Friday, April 01, 2011

The Bar Room at The Modern Review

My recent return to the The Bar Room at The Modern was yet another delightful meal at a place that continues to prove itself as a bastion of consistency and reliability among New York City restaurants. Most of my previous visits had been during Restaurant Weeks, but this average Saturday night wasn't much different. The expansive menu, which the restaurant puts forth as a collection of small plates, had some of the same dishes I had previously tried and loved, while introducing several new dishes that piqued my interest. On this evening, we were heavy on the seafood.

The tarte flambée is a great appetizer. It's bigger than most of the others and is great for sharing with a group. And we were able to order it without the applewood-smoked bacon to accommodate a vegetarian dining companion. The thin, crispy crust covered in creme fraiche and onion was still delicious, but I prefer it with the bacon, which gives it a bit more depth of flavor and color. 
The Scottish salmon tartare with Meyer lemon and jalapeño and black olive was dashingly arranged. The flavors were mild, but the fish was fresh.

The slow-poached farm egg in a jar with Maine lobster, salsify and sea urchin forth was a fun presentation visually, but in practical terms, was a bit difficult to manage. The foam wasn't an empty garnish; you could definitely taste the sea urchin in it. The portion did seem a bit small though.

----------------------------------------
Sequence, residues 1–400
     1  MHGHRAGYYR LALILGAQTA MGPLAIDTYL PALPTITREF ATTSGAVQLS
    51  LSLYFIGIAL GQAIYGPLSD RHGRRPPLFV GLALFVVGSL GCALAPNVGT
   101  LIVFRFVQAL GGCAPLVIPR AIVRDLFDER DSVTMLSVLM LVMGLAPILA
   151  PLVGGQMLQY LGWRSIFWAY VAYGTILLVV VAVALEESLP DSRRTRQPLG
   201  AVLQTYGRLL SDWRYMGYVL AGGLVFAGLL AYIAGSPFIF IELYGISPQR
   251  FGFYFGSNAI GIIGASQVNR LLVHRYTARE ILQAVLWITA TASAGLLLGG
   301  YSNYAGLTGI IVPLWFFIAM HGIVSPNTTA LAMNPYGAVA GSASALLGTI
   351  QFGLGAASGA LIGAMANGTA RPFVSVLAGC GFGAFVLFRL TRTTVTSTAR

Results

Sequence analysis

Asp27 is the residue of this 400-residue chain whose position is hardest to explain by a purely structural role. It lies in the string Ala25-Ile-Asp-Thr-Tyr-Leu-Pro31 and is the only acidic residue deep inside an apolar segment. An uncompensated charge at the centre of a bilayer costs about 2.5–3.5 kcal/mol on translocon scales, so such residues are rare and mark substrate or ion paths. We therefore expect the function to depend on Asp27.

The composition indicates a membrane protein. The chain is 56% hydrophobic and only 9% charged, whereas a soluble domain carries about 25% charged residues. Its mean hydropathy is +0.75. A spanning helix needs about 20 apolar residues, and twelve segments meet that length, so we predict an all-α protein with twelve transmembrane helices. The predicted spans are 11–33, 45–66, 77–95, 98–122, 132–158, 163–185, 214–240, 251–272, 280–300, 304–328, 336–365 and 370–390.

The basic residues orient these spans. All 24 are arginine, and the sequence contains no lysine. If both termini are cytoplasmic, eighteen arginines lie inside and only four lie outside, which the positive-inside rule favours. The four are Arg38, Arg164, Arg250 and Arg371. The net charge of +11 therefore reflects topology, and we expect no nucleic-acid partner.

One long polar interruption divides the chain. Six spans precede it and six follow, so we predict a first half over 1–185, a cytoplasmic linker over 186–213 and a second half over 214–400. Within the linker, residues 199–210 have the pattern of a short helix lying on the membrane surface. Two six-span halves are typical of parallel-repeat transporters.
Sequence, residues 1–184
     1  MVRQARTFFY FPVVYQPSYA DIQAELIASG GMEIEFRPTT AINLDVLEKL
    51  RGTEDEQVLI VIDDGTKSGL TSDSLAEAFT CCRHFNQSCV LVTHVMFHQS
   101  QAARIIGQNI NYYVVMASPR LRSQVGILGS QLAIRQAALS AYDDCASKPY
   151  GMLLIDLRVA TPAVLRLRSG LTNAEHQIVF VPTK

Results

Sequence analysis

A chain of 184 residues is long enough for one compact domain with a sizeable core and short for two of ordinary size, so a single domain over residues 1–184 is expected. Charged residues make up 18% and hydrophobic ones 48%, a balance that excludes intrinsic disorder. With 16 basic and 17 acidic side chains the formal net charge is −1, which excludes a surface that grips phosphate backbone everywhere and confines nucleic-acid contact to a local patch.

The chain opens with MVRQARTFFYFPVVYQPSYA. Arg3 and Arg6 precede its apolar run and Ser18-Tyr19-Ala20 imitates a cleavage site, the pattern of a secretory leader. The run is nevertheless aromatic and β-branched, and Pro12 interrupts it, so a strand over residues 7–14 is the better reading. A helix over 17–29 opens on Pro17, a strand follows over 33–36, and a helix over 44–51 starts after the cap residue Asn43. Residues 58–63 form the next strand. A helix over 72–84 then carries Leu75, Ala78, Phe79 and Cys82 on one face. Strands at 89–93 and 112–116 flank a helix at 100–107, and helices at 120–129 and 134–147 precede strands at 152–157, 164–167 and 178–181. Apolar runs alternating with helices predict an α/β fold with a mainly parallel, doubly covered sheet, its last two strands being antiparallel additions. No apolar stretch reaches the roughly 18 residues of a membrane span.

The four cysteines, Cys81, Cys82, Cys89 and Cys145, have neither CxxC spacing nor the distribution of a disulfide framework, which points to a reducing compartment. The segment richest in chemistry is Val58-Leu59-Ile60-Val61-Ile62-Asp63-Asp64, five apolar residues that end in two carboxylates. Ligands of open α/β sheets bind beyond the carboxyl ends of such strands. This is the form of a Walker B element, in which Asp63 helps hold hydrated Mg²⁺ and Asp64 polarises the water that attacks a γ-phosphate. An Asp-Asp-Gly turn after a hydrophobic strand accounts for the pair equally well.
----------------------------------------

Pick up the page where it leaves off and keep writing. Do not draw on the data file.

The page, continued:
The pan-seared skate was served with crispy rock shrimp, creamy grits and brown butter vinaigrette. Skate can be a tasteless fish that doesn't stand up to its typical fried manner, but this was a lovely rendition of it.

The red snapper "en Matelote" was better than I expected. It looks bland, but it's anything but. The fish is meaty and perfectly cooked and the cream sauce makes you want to lick the bowl clean. There are also a few pearl onions and chunks of bacon, the key to its tastiness.

The brook trout special served in a fried crust and perched on a bed of vegetables was also amazing. And it was definitely one of the bigger dishes.

Although the restaurant recommends three dishes per person, it's definitely not necessary and if you order right, this won't seem like a small plates type of dinner. It's not cheap (first courses range from $12 - $26 on the high end for a couple of dishes with specialty items such as foie gras; second and third courses are $16 - $32), but it is quite flexible and you can customize it to meet your levels of hunger. The one drawback of the Bar Room is its energetic sound level, which can be jarring, but the food is so good you might be too busy eating for much conversation anyway.

No comments:

Post a Comment